Once more tough decisions had to be made. Do I partake of the delicious Alaskan salmon dinner prepared by the Grays River Grange, or do I watch the rieska, sima, pannukakkku, and crab shaking food demonstrations? Do I check out the growing genealogy exhibit done by May & Bob Adair or visit Kaisa and Wilho Saari’s kantele room? Do I gather friends and siblings for a sword fight by the Viking ship? Some attendees went to every lecture they could, while others focused on the performances by musicians and dancers presented in two locations at the school complex. Others had to decide between family and class reunions. One spouse left the grounds to pick blackberries for his favorite pie, and some families gorged freshly caught crayfish. Some of the fifth generation Finnish Americans celebrated their heritage by watching hay making on their ancestor’s farm. Some played in the Salmon Creek, the South Fork, or the Naselle River with numerous cousins.

By Saturday evening the crowd had thinned somewhat, and the decisions were easier. It was either continue visiting or attend the performances, the raffle, and the community dance. The program included another tribute to Anna with festival organizers Darlene Bjornsgard, Nick Nikkila, Lyle Haatia, and Sue Holway reading parts from skits. Anna had performed leading roles in these skits at previous festivals.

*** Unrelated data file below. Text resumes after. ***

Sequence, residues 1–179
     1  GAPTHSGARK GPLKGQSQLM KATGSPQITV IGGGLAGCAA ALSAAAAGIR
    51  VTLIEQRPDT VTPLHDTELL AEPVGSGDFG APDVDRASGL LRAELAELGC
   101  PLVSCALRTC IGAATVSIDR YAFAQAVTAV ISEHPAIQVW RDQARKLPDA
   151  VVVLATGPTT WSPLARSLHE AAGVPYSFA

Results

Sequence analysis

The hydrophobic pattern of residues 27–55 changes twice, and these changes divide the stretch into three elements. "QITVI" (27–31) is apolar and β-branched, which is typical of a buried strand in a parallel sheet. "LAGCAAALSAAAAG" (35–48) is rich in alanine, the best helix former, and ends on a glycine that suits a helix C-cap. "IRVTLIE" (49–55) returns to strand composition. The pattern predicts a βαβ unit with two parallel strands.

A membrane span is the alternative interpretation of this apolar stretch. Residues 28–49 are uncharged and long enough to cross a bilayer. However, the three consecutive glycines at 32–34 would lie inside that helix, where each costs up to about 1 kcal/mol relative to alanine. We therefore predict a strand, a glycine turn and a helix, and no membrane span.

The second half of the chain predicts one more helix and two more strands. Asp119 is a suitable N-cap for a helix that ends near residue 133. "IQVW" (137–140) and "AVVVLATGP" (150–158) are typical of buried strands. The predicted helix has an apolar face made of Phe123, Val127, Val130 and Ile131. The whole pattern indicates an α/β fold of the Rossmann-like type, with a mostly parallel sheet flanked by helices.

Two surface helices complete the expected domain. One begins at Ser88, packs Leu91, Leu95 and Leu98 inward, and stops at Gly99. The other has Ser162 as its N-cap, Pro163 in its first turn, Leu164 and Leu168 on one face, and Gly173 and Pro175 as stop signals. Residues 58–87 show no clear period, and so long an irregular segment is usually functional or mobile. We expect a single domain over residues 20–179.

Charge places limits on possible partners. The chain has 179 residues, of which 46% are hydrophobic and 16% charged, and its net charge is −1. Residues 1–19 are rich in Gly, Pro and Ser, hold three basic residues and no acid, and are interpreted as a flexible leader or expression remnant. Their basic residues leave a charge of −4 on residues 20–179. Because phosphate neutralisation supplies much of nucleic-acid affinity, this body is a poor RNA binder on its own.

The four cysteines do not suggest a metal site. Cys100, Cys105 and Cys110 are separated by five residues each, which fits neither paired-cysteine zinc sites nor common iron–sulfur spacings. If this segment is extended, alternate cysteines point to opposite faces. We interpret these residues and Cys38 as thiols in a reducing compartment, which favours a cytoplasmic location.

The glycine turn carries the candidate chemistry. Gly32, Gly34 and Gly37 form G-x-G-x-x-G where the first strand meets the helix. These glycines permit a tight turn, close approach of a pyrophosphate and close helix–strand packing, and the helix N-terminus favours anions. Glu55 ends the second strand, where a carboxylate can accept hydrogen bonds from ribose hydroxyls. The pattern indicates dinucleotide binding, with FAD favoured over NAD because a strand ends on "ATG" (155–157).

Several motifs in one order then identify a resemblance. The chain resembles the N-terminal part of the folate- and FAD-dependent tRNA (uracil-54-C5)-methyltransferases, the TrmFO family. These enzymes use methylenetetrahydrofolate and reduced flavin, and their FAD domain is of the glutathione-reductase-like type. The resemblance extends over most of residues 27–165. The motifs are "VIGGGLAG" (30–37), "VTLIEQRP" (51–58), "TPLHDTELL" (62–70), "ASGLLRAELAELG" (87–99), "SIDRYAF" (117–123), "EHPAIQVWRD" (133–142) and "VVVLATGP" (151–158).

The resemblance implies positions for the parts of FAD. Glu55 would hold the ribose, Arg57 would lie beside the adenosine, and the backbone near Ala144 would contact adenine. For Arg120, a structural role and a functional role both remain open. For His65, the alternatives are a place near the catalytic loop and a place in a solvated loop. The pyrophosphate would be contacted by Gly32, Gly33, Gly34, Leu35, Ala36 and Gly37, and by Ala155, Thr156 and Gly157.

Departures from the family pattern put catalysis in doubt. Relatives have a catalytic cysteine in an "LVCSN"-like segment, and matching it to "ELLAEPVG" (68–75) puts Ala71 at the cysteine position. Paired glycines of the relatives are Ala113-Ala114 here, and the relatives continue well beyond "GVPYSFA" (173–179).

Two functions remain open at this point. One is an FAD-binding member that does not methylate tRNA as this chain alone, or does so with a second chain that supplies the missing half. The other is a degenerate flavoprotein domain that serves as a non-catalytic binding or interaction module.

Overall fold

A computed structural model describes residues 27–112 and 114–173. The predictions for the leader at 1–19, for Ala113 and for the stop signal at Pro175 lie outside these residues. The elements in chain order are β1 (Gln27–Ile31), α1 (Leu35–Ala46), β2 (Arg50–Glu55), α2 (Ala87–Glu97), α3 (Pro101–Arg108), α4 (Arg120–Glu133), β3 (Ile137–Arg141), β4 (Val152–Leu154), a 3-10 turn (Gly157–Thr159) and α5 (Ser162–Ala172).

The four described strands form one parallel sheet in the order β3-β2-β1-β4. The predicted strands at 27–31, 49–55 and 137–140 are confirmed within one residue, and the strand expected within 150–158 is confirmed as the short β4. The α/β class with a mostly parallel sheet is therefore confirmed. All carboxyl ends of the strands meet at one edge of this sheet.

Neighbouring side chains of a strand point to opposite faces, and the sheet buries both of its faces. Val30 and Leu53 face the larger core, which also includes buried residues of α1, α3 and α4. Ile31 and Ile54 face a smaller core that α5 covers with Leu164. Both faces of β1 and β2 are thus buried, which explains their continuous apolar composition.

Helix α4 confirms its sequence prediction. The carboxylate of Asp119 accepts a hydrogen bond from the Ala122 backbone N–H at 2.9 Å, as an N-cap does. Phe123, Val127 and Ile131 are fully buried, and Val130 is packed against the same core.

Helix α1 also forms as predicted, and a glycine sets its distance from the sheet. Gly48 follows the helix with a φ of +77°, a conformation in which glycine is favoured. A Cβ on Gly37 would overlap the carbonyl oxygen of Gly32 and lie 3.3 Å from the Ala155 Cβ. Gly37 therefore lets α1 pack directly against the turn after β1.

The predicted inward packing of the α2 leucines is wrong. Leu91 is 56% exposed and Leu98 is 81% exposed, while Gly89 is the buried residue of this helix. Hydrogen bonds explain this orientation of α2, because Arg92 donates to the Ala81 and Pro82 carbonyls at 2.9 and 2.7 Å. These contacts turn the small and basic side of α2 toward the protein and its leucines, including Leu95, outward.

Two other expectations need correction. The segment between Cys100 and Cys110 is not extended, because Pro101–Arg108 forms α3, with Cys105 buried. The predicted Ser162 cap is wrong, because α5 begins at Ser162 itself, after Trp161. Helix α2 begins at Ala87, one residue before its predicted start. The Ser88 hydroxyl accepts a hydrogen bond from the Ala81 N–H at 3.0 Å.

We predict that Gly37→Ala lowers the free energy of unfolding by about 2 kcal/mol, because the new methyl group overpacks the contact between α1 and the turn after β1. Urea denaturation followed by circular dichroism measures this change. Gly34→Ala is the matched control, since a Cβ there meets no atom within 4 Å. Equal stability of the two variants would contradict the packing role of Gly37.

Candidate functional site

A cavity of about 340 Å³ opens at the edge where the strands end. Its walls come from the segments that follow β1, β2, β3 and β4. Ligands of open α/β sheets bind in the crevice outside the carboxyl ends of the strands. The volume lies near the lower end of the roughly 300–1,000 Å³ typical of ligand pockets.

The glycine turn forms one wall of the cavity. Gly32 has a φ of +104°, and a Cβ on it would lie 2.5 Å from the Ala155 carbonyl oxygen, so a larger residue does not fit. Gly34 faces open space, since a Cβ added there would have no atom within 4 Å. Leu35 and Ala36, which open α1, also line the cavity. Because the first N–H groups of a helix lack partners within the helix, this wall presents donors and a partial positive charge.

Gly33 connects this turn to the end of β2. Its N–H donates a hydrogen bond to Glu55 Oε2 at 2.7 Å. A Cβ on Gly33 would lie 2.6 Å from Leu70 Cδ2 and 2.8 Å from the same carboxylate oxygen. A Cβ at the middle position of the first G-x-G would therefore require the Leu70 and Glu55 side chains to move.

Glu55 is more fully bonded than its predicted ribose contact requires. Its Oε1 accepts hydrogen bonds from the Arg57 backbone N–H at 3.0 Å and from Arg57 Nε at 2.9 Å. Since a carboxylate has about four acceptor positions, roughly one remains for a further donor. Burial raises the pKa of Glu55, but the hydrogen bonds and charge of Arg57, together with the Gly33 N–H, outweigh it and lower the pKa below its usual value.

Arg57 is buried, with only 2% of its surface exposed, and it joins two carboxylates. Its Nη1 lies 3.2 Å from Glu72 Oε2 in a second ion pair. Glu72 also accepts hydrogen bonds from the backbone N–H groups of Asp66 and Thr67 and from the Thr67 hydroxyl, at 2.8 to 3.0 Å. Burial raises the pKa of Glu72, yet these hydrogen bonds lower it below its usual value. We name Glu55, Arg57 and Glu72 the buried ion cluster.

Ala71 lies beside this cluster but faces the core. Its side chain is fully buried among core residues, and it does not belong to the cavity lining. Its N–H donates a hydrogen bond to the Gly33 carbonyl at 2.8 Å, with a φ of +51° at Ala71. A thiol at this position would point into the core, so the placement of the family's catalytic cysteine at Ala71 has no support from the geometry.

Sunday’s worship service was well attended. Pastor Greg Cootware from the Assembly of God Church greeted worshippers at the entrance to the stadium. Dean Anderson of the Grays River Methodist Church gave the invocation. Wilho Saari directed the attendees singing two hymns. The accompanist was his daughter, Karen Nelson. Next Youth Pastor Kyle Higginbotham of the Assembly of God Church gave an inspirational message. The “Love and Unity” in this “Little Village with the Big Heart” was obvious to locals and visitors alike. Finally, Mike Swanson declared the 2016 Finnish American Folk Festival officially closed.

The last activity was coffee and pulla served by the Naselle Lutheran Church Priscilla Circle. It was a time for more visiting, reminiscing, and evaluating the festival as a whole.
As people came out the door of the Commons, they were encouraged to help themselves to bouquets of flowers to take home or to the cemeteries. One local twelve year old girl must’ve had a dozen bouquets for the Seal River Cemetery. Just before she left, she gave Anita Raistakka a big hug and said, “I’m going to be your helper in 2018! I’ll be fourteen then.” With tears in her eyes, Anita knew that no matter how hard we all worked for two years, the hours and hours were all worth it and that we’d be doing it again.

By 4:00 pm the school was empty, the heaviest items returned to storage, and all who helped could rest, relax, and reflect. The clean up was done in record time thanks to the many volunteers who helped, including the NHS volleyball team.

By Wednesday, organizers were already making plans for July, 2018. See you then! Näkermiin!

 

-By Anita Raistakka